The Volendam cruise ship docked in Ketchikan Monday.

The Volendam cruise ship docks in Ketchikan. (KRBD file photo)

The Alaska Legislature failed to approve a budget Wednesday and will reconvene in special session next week. One proposal that was recently approved in conference committee and could come back in the special session has leaders in cruise ship port communities concerned.

The measure would leave those towns without millions of dollars they normally receive from state head-tax revenues.

If the Legislature picks up where it left off, and the proposal to withhold commercial

Tourists disembark from the Ruby Princess this spring, beginning the 2015 tour season in Ketchikan. The Ruby is permitted to discharge graywater while docked. (KRBD file photo).

Tourists disembark from the Ruby Princess at the start of the 2015 tour season in Ketchikan. (KRBD file photo).

passenger vessel taxes goes forward, “it would be devastating,” said Skagway Borough Manager Scott Hahn.

Skagway is a town with about 800 year-round residents that is flooded by 800,000 cruise ship passengers in the summer. He says his town would be left without $4 million it uses to fund everything from port improvements to basic utilities.

Here’s how the passenger tax works. The money comes from a $34.50 per-person tax on cruise ship visitors traveling in Alaska waters for more than three days. After the state receives that money, it gives out $5 per passenger to the first seven ports of call visited. Normally, cruise ships stop in fewer than seven ports.

In FY 17, the state would distribute about $16 million to communities. But with key language removed from the operating budget, the state would hold onto that money.

“The system’s broken and we can’t keep distributing under a broken system,” said Eagle River Senator Anna MacKinnon speaking during a conference committee meeting. She voted for the proposal to take out the seven ports of call money.

The Crystal Serenity was the first large cruise ship of the 2016 season to stop in Ketchikan. (KRBD file photo)

The Crystal Serenity was the first large cruise ship of the 2016 season to stop in Ketchikan. (KRBD file photo)

No one from MacKinnon’s office was available to comment about what part of the system she views as ‘broken.’ But she could have been referring to a recent review of the passenger tax from the State Division of the Legislative Audit. MacKinnon requested the report.

The audit found communities generally comply with regulations when spending head tax money. But it also said there’s a threat to the solvency of the tax fund if a higher number of passengers visit a greater number of ports. The audit said Ketchikan and Juneau levying their own municipal head taxes also raises questions about the tax structure.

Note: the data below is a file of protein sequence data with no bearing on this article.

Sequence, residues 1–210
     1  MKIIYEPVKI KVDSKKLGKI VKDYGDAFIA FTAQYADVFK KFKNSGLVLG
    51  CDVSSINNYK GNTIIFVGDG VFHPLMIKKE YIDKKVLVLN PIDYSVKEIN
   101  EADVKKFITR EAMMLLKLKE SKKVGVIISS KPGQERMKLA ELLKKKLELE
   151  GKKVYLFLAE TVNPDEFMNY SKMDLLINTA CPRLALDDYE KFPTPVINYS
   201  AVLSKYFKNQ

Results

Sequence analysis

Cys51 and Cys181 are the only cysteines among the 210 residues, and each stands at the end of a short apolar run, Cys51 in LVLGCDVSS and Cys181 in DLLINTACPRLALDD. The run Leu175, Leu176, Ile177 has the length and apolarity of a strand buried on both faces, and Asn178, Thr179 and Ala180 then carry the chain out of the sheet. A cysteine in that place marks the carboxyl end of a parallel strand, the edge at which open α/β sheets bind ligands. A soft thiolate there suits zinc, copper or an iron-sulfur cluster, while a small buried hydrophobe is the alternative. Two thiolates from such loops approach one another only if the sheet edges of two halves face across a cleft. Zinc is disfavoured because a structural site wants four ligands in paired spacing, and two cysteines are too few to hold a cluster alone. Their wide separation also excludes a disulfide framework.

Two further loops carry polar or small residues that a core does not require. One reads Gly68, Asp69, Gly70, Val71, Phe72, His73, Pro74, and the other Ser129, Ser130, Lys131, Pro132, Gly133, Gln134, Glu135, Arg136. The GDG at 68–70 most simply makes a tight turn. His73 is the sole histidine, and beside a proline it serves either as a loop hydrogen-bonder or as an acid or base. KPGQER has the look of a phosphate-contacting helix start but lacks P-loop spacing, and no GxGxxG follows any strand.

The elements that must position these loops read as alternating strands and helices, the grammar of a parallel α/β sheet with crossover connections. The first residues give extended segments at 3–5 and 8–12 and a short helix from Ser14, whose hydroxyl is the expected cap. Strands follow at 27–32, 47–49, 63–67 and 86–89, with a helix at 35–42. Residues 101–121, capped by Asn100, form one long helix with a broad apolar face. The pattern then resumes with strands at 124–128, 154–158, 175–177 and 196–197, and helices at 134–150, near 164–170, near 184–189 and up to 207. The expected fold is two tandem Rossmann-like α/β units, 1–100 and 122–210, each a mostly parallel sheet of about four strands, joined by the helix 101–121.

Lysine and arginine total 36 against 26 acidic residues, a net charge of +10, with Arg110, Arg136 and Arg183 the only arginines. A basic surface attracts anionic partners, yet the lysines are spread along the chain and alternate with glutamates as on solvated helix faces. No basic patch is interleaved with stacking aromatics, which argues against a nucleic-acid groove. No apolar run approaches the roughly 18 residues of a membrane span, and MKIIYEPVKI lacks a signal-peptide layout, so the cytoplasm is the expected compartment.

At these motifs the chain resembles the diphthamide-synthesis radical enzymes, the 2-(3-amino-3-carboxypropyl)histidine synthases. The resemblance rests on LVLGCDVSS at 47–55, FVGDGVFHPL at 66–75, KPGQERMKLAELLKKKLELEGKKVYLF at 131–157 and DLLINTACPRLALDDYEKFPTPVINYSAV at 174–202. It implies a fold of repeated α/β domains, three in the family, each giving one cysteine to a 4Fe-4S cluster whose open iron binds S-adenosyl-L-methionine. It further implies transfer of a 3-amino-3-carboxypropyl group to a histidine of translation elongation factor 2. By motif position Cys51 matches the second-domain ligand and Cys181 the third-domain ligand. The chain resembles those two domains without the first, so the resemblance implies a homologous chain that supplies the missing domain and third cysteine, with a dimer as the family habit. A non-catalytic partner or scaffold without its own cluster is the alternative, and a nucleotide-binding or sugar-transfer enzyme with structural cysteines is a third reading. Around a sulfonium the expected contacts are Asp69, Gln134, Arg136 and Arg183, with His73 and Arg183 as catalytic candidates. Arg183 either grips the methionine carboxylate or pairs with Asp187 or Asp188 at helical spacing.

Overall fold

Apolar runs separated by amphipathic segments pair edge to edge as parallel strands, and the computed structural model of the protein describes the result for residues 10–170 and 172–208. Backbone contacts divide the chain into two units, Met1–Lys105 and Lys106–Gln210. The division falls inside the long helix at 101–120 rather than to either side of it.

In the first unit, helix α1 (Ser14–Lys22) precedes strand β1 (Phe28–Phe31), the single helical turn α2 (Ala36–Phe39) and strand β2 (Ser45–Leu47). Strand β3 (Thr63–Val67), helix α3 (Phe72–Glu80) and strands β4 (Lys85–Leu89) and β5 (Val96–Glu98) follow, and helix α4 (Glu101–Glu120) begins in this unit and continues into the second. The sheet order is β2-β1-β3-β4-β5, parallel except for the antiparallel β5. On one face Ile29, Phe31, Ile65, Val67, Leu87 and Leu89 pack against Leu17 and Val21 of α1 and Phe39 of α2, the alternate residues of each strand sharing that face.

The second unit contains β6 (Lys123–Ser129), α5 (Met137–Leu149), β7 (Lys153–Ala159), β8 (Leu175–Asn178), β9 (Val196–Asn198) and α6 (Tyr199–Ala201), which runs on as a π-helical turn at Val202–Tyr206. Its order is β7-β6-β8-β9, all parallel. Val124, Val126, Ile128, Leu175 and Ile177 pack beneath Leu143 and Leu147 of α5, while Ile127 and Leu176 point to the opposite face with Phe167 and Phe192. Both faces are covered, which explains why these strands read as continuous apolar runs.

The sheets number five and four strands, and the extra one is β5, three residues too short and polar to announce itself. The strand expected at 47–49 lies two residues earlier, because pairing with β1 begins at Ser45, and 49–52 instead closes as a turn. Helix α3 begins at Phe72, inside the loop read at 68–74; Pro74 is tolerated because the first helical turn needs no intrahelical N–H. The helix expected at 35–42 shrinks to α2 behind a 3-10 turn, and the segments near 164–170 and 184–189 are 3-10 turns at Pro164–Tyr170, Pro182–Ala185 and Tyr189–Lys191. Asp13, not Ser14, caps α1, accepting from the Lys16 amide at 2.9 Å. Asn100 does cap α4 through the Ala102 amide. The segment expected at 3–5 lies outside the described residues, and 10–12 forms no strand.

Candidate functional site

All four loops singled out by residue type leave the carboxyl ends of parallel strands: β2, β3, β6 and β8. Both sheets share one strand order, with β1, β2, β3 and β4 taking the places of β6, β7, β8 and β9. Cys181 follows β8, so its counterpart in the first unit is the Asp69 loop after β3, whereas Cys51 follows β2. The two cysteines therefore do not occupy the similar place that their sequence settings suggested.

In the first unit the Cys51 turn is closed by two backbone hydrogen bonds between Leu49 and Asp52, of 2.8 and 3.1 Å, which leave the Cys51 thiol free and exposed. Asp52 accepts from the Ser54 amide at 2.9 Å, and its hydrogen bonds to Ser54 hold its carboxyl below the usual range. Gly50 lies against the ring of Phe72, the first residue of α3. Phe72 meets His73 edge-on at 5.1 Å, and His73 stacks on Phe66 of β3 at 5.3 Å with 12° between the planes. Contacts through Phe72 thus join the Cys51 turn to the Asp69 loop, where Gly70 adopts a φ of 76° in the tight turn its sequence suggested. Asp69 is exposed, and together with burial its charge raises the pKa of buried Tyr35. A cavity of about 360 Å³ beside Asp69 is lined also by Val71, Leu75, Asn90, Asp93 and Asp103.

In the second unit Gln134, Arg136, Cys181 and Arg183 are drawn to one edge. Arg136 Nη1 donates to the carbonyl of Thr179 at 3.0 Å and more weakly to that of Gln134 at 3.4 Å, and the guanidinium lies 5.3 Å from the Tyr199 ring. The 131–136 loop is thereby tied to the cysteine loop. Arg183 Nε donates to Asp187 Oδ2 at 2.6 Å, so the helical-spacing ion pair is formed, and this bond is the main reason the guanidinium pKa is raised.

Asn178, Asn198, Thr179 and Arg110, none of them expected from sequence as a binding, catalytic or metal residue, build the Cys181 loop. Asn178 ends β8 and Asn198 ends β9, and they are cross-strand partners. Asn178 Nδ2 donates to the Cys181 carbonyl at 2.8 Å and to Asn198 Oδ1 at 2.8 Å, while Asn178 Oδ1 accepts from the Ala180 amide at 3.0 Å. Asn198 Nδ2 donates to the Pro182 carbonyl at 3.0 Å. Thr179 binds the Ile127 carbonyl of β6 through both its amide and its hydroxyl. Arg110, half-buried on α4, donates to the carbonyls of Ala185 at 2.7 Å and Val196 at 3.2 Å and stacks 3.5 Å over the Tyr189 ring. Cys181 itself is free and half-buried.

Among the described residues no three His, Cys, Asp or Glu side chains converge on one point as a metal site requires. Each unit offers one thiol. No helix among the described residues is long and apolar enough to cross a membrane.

The conference committee approved the proposal to withhold passenger taxes from port towns.

But Juneau Representative Cathy Muñoz doesn’t think the committee’s proposal will stand during special session next week. She says the Legislature would have to change the statute to withhold passenger taxes from port communities.

“So in other words, that’s a pretty high bar and I don’t anticipate that that’s going to happen,” Muñoz said.

A cruise ship is docked at Ketchikan's downtown Berth 2. About 1 million cruise passengers visited Southeast in 2015. (Photo by Leila Kheiry)

A cruise ship is docked at Ketchikan’s downtown Berth 2. (Photo by Leila Kheiry)

Aside from Juneau and Skagway, another major port of call in Southeast is Ketchikan. DanBockhorst is the borough manager there. He says his staff has already come up with a back-up plan to pay for services, like a downtown shuttle, that are usually supported by passenger taxes. But he hopes those funds won’t be withheld.

“I am optimistic that the impoundment of the state shared taxes that occurred in the conference committee version of the operating will be reversed when the Legislature ultimately adopts an operating budget for the upcoming fiscal year,” Bockhorst said.

Four million dollars between the city and borough of Ketchikan, and millions more for other port communities hangs in the balance.